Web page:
Only superfans and trivia experts would know that John Belushi’s death saved James Taylor’s life.
Taylor, a folk rock hero who has for nearly 40 years outlasted “Saturday Night Live” and “Animal House” star Belushi, told a sold-out audience of 7,366 at Berglund Center Coliseum on Wednesday that the comedian’s drug overdose death was a “wake-up call” for him. He used that important life info to introduce one of his songs, “That’s Why I’m Here.”
The Belushi-centric second verse, which he told the audience was the first he wrote for the tune, was part of a song about fate and friendship and his relationship to “perfect strangers” who call him “by name” and “pay good money to hear ‘Fire and Rain’ again and again and again.”
In a way, it explained why the 73-year-old singer and songwriter stood on stage, long after he could have hung it up and relaxed in the country somewhere. The best part: He seemed to still be loving it. With his All Star Band, including backup-singer-slash-son-slash-”the-apple”-of-father’s-eye, Henry Taylor, JT brought about 105 minutes of hits and a couple of energetic deep cuts, and shared stage time with his opening act, Jackson Browne.
Who else is Jackson Browne, a certified mellow gold headliner, going to open shows for? We’ll get to him in a few.
But first, that all-star band. Not many performers introduce their sideman drummer after the first song, but not many performers can afford to have Steve Gadd on the throne. Gadd, who played the drum beat on Paul Simon’s “Fifty Ways To Leave Your Lover” and tracked the groove and timeless drum break on Steely Dan’s “Aja,” was in full effect from his boss’s opening song, “Country Road,” bringing tom-tom thunder, dynamic variety and perfect groovemanship to the proceedings.
“He’s a bit of a legend,” Taylor told the crowd of Gadd.
Taylor also called longtime violinist and harmony singer Andrea Zonn after that number, though her fiddle cut out a couple of times in the intro. Another stage glitch occurred later on, when the house lights came on unexpectedly as Taylor addressed the crowd. “Has anyone considered that this place might be haunted?” he asked, to laughter.
Most of the set, though, went off as expected, with Taylor and band rolling through such cuts as “Copperline” — he teased that it was about the state just south of Virginia, but was not “Carolina In My Mind.” That old smash would come later.
Other lesser-known but well-received numbers included “Line ‘Em Up,” with its sympathetic opening verse about President Richard Nixon’s resignation, and “As Easy As Rolling Off A Log,” which he said was inspired by the old Merrie Melodies cartoons, then proved with the animation on large screens.
Clarinet on that one came courtesy of “Blue” Lou Marina, the reed man extraordinaire who was part of Belushi’s and Dan Aykroyd’s “The Blues Brothers” projects, and has been with Taylor since at least his most recent Roanoke appearance, in 2011 at neighboring Berglund Performing Arts Theatre.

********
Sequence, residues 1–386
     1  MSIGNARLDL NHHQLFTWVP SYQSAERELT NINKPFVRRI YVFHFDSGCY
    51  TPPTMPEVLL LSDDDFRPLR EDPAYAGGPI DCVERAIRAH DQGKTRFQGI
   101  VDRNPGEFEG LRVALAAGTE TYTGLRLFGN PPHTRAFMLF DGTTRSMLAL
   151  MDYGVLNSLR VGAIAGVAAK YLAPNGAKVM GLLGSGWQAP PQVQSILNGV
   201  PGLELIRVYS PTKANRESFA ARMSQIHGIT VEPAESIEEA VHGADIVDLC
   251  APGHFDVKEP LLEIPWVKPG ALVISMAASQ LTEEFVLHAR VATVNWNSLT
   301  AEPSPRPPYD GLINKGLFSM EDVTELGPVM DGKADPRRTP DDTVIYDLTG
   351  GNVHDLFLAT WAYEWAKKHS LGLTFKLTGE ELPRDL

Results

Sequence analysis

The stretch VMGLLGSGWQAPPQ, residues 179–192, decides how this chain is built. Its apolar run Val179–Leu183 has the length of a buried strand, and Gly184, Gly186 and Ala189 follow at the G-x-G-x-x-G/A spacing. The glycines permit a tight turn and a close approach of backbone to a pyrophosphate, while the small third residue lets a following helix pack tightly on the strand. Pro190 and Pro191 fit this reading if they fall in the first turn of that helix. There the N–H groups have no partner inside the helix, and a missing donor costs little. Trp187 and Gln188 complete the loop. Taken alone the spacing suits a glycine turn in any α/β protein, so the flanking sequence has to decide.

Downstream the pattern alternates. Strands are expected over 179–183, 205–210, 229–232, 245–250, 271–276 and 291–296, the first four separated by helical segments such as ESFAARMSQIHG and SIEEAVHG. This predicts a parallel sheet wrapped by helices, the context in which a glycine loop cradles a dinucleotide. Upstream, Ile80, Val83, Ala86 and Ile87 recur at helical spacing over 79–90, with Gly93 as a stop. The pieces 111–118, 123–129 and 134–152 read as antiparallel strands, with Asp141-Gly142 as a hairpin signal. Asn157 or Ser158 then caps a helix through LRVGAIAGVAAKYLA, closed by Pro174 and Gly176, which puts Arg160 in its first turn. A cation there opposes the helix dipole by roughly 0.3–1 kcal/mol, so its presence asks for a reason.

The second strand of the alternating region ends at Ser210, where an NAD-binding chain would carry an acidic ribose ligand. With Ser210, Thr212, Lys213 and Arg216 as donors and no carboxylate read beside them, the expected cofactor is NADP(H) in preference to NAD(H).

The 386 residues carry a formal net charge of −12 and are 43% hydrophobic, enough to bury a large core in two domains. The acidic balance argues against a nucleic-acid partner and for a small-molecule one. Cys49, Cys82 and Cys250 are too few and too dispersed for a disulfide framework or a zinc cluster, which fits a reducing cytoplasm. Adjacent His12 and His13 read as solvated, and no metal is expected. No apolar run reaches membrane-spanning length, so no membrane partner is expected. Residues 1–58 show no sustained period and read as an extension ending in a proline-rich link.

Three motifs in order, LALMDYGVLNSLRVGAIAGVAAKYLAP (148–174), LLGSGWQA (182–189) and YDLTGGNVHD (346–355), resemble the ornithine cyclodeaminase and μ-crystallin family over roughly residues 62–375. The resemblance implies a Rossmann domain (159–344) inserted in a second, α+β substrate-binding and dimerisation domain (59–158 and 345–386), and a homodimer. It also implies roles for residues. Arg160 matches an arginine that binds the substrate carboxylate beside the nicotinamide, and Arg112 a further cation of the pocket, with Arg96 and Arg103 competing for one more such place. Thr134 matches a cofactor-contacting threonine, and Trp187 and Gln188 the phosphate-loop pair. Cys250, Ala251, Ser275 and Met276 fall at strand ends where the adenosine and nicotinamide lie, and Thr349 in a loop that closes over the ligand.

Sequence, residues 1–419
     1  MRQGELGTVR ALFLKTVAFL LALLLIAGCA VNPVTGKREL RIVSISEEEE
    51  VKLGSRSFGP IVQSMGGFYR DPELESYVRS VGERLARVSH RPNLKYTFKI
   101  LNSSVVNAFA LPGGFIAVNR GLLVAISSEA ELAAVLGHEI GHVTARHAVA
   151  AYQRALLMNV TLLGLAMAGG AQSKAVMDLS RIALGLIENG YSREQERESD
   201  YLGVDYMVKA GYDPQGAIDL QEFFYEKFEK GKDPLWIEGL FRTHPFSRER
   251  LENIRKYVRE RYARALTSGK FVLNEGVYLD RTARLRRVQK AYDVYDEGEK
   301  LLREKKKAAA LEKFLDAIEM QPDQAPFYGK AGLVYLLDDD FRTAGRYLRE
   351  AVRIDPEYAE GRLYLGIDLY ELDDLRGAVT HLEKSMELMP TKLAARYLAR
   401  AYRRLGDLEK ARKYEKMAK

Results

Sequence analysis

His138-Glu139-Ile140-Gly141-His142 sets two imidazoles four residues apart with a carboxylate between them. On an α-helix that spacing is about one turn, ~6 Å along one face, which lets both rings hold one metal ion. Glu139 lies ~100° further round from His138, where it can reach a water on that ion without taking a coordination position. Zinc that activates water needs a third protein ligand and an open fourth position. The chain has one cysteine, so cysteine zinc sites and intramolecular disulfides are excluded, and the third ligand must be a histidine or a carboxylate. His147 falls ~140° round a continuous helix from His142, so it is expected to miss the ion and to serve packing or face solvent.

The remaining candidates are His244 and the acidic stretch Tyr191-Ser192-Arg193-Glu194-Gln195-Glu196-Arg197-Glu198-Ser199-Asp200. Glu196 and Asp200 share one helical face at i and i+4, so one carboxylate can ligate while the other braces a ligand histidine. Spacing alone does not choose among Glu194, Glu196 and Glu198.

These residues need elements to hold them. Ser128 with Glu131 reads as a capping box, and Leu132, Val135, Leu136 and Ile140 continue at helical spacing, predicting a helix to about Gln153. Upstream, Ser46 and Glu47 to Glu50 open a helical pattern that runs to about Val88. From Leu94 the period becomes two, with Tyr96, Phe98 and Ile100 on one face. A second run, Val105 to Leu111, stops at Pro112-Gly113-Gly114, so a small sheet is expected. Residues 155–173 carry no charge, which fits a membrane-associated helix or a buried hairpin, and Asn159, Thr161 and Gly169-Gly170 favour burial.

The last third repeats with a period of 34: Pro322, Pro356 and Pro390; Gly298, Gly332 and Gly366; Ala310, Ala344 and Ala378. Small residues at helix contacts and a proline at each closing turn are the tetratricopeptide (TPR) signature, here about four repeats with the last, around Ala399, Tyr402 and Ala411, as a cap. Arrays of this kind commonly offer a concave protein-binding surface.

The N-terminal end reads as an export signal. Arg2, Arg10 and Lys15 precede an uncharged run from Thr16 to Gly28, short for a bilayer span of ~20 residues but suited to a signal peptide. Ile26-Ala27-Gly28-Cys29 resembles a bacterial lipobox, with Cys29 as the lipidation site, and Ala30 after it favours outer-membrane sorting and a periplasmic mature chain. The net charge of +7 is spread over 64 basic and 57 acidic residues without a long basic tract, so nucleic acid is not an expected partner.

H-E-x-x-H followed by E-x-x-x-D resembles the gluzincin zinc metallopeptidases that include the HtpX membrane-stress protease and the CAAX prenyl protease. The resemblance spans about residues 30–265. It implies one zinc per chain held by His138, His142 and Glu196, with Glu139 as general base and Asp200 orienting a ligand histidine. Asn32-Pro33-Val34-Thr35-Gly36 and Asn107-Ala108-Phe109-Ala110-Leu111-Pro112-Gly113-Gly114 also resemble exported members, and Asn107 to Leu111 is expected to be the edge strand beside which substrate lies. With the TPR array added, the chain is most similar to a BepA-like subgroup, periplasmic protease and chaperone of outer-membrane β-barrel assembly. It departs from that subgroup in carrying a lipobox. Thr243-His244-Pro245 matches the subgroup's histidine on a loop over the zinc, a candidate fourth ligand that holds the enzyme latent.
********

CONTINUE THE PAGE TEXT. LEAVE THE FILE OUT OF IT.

The highlight for this old blues and jazz freak came with “Chili Dog,” an obscure number that featured organist Larry Goldings and guitarist Michael Landau in a song about addiction to the specialty at Los Angeles landmark Pink’s Hot Dogs, near where Taylor has recorded. Gadd and rhythm section mate Jimmy Johnson burned on that one, too. Seriously, a writer could focus reviews on each of those two musicians, and run out of print space.
The hits included the aforementioned “Fire and Rain,” which received one of three standing ovations the audience gave Taylor and crew. “Sweet Baby James” — with a pop-up cowboy book set-piece video on the big screen — “Fire and Rain,” the actual “Carolina in My Mind,” “Shower the People” and the classic cover of “How Sweet it Is (To Be Loved By You)” rounded out the set.
Encore number “Shed A Little Light,” with Taylor and five harmony singers delivering vocals, was an emotional highlight. The Rev. Martin Luther King Jr. inspired the song, and Taylor’s lyrics were a reminder that in such strange times, it’s probably wise to actually study what MLK was about, instead of just regurgitating out-of-context and oversimplified talking points.
Browne joined his old friend Taylor for “Take It Easy,” the Eagles hit that Browne wrote with the late Glenn Frey. The headliner closed with one of his classics, a cover of Carol King’s “You’ve Got A Friend.” And, you know, that’s what he’s here for: to make folks feel warm through music.
Browne was returning the favor that Taylor paid during the nearly hour-long opening set. JT, with his ever-present acoustic guitar, took plenty of lines on “The Pretender.” Fortunately, he warmed up his voice later, for his own set. It’s certain that most of the crowd didn’t notice.
JB never had to be a “happy idiot,” as he was writing important songs about the same time he was eligible for a drivers license. And he’s still doing it, with several songs from his new album, “Downhill From Everywhere,” in his show. It’s fair to say the most rocking among them were the title cut and “My Cleveland Heart,” which he told the crowd was about receiving an artificial heart.
Browne didn’t really get one of those, but he did get COVID-19. His Roanoke show with Taylor was postponed twice during the pandemic, but the two were grateful to be here, they told the crowd.
“Thanks for hanging onto your tickets,” Browne said.
With the new songs and such classic rock staples as “Doctor My Eyes,” “Late for the Sky” and “Running On Empty,” Browne was so much more than your typical opener. His vocals are still strong, his harmonizers still more than able, his band spot-on for the occasion.
In fact, this show could have used another act. It started on time at 7:30 midweek, as many were still rolling in on shuttles and/or being turned away for having bags larger than allowed under new rules at the venue. It’s a shame to think that folks missed a second of either performance.